• Youth

    Anne Frank

    Margot’s and Mother’s personalities are so alien to me. I understand my girlfriends better than my own mother. Isn’t that a shame? (9/27/1942.1)

    Anne expresses a typical adolescent sentiment – that she can relate to her friends better than to her family.

    Yesterday Mother and I had another run-in and she really kicked up a fuss. She told Daddy all of my sins and started to cry, which made me cry too, and I already had such an awful headache. I finally told Daddy that I love "him" more than I do Mother, to which he replied that it was just a passing phase, but I don’t think so. I simply can’t stand Mother, and I have to force myself not to snap at her all the time, and to stay calm, when I’d rather slap her across the face. (10/3/1942.2)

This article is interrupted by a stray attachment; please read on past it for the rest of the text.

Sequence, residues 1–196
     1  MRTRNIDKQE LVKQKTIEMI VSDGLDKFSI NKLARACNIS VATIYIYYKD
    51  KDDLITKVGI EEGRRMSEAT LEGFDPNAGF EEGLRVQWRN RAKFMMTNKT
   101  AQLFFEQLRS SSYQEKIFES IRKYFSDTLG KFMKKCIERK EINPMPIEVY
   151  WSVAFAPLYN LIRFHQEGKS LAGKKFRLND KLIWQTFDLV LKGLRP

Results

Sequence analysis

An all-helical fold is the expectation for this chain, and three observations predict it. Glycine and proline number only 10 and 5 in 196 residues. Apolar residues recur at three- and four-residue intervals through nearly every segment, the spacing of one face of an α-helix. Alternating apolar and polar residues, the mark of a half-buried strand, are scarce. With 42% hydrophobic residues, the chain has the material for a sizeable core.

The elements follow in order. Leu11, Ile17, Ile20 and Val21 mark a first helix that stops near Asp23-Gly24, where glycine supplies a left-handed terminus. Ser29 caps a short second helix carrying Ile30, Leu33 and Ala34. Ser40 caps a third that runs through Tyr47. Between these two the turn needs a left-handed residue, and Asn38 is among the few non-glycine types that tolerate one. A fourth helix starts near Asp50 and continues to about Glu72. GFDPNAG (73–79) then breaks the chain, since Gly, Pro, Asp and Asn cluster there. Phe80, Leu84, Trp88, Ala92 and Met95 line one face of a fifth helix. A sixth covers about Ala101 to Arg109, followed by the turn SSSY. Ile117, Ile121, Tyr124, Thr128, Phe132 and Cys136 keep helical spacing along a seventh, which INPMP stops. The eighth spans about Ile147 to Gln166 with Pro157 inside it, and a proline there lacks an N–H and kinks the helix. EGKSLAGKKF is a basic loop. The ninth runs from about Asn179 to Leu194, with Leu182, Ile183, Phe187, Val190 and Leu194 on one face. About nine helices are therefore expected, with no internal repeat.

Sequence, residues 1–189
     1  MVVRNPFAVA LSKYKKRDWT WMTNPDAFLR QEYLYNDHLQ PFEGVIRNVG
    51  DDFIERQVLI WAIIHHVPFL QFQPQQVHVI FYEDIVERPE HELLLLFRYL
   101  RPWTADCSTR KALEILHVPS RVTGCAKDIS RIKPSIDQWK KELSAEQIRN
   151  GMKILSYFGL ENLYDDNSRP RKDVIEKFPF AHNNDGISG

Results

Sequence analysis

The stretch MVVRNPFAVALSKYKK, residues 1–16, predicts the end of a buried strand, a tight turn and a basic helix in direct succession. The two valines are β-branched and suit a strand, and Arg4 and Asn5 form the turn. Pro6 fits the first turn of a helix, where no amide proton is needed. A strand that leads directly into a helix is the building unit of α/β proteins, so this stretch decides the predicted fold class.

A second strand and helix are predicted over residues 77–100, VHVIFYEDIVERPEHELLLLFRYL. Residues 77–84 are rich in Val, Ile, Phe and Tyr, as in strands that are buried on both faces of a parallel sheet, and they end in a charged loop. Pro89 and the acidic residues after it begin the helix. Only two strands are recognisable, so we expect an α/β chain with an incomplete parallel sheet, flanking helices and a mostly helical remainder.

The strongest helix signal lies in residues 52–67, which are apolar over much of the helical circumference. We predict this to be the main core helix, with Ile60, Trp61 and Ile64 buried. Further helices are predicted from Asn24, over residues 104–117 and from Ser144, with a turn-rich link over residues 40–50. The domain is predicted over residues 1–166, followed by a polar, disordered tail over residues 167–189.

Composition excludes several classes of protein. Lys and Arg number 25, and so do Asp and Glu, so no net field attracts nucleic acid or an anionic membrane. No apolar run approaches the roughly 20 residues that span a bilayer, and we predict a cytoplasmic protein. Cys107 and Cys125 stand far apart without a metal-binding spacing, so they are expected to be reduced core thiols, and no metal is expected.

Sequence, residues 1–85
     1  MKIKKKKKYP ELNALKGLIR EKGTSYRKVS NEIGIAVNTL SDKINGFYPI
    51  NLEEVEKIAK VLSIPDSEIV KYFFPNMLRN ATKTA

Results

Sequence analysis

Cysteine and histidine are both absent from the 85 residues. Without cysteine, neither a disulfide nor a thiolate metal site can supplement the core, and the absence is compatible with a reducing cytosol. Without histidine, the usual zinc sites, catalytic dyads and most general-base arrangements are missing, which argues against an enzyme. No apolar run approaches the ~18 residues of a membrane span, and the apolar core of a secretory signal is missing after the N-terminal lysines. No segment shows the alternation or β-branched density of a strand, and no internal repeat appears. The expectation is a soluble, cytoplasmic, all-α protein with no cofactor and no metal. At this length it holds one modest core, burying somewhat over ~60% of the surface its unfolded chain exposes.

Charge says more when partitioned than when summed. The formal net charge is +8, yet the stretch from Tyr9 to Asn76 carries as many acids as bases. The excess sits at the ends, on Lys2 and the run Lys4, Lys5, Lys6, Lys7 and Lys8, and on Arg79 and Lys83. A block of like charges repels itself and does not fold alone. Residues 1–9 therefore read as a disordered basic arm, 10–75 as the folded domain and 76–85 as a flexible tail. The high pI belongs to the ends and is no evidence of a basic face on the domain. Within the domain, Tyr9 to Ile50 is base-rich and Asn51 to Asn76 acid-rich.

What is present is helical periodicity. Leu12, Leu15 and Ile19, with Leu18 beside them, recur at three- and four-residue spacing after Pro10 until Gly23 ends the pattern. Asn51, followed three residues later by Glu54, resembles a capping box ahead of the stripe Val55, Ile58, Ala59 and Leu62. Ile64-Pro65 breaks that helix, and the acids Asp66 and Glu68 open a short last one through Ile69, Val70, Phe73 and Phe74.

The trials and tribulations of adolescence are well under way, only they are perhaps exacerbated because nobody can get away from anybody else.

    I was suffering then (and still do) from moods that kept my head under water (figuratively speaking) and allowed me to see things only from my own perspective, without calmly considering what the others – those whom I, with my mercurial temperament, had hurt or offended – had said, and then acting as they would have done. (1/2/1944.2)

    Anne begins to grow up, reflecting more objectively on her own behavior.

    Sometimes I wonder if anyone will ever understand what I mean, if anyone will ever overlook my ingratitude and not worry about whether or not I’m Jewish and merely see me as a teenager badly in need of some good plain fun. (12/24/1943.3)

    Anne’s youth is a more important identity marker than her religion.

    The war is going to go on despite our quarrels and our longing for freedom and fresh air [. . .] I’m preaching, but I also believe that if I live here much longer I’ll turn into a dried-up old beanstalk. And all I really want is to be an honest-to-goodness teenager! (1/15/1944.5-6)